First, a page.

San Francisco, CA -- (SBWIRE) -- 07/02/2013 -- A new study released on Tuesday suggests that the Volkswagen assembly plant built in Chattanooga, Tennessee has had a better economic impact than expected. The study, which was conducted by the University of Tennessee, shows that in most respects the $1 billion project has beaten expectations made in 2008 when it was announced. This is in spite of a recent layoff of 500 temporary workers.
The study estimates that the plant has generated over 12,400 direct and indirect jobs as of the end of 2012. Estimates in 2008 were 11,477, for a gain of about 1,000 jobs. As an incentive to attract the carmaker’s facility to the area, state and local governments offered the company about $577.4 million in tax breaks five years ago. The study estimates the Volkswagen assembly plant generates income of $643.1 million annually. Estimates in 2008 were for $511 million annually, for a gain of about $132 million. However, yearly state and local tax revenues have come up a bit short at $53.5 million a year. In 2008, estimates were for $55 million a year – a loss of $1.5 million.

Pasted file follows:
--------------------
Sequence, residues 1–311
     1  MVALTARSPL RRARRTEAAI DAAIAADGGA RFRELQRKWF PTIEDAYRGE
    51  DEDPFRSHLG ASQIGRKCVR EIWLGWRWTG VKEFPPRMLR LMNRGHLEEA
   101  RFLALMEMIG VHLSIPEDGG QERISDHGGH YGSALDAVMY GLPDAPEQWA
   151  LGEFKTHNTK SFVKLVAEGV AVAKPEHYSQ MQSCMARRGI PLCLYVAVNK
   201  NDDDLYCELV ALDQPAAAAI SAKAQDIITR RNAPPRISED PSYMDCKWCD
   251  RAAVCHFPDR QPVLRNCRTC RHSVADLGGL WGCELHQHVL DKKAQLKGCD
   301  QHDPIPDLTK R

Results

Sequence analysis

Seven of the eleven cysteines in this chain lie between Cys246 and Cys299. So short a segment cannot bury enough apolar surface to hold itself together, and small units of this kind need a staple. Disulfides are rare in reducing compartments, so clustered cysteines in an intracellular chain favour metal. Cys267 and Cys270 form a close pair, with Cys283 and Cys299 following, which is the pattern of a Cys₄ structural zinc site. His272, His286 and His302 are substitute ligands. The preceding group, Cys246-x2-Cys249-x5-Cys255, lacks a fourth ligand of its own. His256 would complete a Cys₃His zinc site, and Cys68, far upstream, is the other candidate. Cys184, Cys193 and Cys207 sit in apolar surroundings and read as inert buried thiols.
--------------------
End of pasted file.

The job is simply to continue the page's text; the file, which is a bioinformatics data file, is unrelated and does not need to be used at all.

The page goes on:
Dr. William Fox, director of the UT Center for Business and Economic Research, compiled the report for the Chattanooga Chamber of Commerce. He explained that factories such as the Volkswagen assembly plant have "multiplier" effects and large economic spin-offs, since much of their business is done with suppliers. "This is a facility that just keeps on giving," Dr Fox continued, "These are annual impacts and will continue year after year."
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